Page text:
Ohio approved a medical marijuana dispensary in Beavercreek, but there’s one more key hurdle before it opens


An Arizona-based medial marijuana company has one more hurdle to overcome before opening a dispensary in Beavercreek.

A public hearing on Harvest of Ohio LLC of Tempe, Ariz., and its plan to open a medical marijuana dispensary at 4370 Tonawanda Trail is set for tonight at the city’s planning commission meeting.

Residents and other interested parties will be provided three minutes to address the five-member panel and testify on the issue.

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The planning commission could vote one of three ways on the issue: Allow the business, not allow it or table the issue until next month, said Beavercreek City Manager Pete Landrum.

“(The planning commission) cannot take into consideration that it’s medical marijuana. They are not being asked to consider that,” Landrum said. “If it is a detriment to the neighborhood, the public can say it’s because of medical marijuana, but the planning commission is not judging it based on the type of business.”

Harvest of Ohio LLC was awarded a license by the state to operate a dispensary at the Beavercreek location, but the potential business must comply with the city’s zoning code for conditional use of the property.

The code includes a number of requirements that the business will need to adhere to before a permit is issued. Those conditions include the minimum number of parking spaces needed, the height of light poles, business signs and traffic flow.

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“Conditional uses are generally businesses that are not that common and that can vary enough in terms of traffic and the intensity of the business to warrant an individual look,” said planning commission member Michael Self.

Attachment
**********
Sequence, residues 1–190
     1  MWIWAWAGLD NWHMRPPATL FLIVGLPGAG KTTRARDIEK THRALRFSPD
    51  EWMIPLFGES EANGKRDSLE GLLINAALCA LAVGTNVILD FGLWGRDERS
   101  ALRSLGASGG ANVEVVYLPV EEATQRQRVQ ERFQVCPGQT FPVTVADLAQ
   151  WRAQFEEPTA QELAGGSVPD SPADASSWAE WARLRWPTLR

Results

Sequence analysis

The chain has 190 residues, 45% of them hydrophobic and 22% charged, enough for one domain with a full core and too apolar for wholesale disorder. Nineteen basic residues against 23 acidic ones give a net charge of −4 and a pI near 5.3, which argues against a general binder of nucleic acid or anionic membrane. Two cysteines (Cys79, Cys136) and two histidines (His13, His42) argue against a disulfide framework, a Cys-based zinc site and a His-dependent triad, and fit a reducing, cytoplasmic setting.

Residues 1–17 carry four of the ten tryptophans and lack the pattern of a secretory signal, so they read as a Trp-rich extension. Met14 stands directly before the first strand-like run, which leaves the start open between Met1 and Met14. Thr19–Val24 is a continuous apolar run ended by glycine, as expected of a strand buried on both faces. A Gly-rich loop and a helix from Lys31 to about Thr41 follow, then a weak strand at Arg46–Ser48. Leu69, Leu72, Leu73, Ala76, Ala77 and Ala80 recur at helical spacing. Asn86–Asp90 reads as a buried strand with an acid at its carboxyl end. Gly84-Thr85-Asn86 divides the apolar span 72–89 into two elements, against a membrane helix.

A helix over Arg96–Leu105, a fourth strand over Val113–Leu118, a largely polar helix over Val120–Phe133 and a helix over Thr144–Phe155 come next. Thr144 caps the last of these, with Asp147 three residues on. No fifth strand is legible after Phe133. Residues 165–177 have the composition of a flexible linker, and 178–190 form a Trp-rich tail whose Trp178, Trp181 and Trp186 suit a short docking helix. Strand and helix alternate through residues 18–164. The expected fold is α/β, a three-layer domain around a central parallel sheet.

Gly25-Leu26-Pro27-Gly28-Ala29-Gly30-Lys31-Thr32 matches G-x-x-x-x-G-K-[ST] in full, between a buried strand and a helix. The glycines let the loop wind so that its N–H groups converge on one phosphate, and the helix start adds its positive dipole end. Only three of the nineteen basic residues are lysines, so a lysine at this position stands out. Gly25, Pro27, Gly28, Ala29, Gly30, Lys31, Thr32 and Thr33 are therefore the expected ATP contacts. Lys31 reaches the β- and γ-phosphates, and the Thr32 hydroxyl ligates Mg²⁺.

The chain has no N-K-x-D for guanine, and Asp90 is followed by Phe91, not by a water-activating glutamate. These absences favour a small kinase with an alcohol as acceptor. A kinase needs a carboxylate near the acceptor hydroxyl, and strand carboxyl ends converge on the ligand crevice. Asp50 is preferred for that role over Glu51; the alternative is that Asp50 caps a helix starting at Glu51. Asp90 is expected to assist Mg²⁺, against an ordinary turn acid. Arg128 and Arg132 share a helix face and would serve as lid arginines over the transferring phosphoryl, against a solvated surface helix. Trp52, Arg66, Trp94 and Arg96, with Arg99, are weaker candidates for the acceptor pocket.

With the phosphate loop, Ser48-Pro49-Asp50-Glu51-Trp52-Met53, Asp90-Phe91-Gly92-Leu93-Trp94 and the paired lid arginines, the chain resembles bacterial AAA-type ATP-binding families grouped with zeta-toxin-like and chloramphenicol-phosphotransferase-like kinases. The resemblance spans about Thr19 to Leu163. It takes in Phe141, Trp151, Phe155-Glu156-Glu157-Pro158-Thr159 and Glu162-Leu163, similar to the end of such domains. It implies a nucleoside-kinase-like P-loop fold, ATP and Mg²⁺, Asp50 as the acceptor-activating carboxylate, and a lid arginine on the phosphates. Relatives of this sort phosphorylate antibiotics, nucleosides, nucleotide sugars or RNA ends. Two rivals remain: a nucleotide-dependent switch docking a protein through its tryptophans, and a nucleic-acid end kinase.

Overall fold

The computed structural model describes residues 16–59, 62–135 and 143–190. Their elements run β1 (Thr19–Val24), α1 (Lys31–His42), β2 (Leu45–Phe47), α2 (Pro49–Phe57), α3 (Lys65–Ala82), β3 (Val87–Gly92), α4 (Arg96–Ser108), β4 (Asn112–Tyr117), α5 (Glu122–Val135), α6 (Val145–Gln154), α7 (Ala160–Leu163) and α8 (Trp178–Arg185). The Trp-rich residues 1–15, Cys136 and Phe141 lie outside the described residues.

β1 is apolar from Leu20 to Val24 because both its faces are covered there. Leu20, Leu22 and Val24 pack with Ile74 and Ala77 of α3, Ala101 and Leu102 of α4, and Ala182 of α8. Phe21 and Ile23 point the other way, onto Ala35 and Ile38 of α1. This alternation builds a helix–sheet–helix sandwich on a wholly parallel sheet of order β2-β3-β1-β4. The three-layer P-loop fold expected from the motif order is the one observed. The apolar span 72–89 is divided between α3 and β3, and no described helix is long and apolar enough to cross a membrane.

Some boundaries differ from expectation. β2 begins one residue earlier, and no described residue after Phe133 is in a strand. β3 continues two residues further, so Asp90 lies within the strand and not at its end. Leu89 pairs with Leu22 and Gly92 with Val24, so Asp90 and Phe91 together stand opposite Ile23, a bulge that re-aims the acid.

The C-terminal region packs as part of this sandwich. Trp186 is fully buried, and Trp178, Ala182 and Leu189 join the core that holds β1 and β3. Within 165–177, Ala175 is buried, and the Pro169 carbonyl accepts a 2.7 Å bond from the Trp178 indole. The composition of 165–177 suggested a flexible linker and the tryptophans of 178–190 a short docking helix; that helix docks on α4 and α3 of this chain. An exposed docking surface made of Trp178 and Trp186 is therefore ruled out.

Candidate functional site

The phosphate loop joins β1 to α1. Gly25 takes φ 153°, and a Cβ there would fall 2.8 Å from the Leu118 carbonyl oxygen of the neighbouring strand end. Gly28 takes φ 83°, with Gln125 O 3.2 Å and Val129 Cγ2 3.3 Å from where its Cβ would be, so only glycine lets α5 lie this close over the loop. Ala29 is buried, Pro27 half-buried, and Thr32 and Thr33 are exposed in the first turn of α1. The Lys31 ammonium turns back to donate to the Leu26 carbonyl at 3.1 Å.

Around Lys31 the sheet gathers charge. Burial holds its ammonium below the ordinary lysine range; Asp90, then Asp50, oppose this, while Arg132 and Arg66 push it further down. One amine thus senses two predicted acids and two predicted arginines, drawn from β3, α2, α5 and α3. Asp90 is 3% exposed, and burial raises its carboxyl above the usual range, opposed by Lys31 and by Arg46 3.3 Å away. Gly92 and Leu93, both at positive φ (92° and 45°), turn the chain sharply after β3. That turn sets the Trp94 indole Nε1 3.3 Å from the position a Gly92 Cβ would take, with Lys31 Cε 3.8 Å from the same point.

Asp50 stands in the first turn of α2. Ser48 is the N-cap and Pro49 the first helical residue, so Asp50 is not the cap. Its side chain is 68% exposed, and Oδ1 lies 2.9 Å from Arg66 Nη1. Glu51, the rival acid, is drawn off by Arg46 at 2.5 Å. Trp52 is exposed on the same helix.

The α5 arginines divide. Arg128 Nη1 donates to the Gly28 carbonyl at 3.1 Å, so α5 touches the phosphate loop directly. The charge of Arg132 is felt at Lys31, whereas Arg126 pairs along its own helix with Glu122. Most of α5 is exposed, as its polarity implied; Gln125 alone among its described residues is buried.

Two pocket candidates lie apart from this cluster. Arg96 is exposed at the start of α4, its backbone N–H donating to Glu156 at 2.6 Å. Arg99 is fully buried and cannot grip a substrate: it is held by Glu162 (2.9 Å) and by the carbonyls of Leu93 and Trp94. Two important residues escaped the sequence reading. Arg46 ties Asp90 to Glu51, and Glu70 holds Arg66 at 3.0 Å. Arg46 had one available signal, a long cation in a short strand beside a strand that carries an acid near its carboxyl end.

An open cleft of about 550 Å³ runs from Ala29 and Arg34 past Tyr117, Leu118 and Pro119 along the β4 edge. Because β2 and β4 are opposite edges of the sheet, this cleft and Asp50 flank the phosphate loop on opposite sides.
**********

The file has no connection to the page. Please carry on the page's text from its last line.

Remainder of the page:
The Tonawanda Trail property features a 2,835-square-foot office building. It formerly served as a plumbing business but has been for sale for about two years.

Harvest of Ohio LLC has made an agreement with the owner to buy the property for the asking price of $395,000. It plans to add a median in the parking lot for landscaping and to accommodate a light pole, which cannot be taller than 16 feet to comply with neighborhood business zoning restrictions, according to planning commission documents.

The company would also take out an aging brick wall along the northern border of the property and add a six-foot privacy fence, which would separate the business from the nearest residence.

Self said the commission will need to make sure the business complies with not only the city’s zoning code but also state regulations on medical marijuana businesses.

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“We’re kind of picky in Beavercreek about our approvals,” Self said.

The city council recently voted to change the zoning code as part of a permanent ban on medical marijuana businesses. Any change to the zoning code will go through a process that includes public hearings and three readings of the proposed legislation.

Harvest of Ohio LLC’s business application was submitted and approved to the state during a time when no moratorium on medical marijuana businesses in Beavercreek was in place, so the current resolution would not impact its ability to operate in the city.



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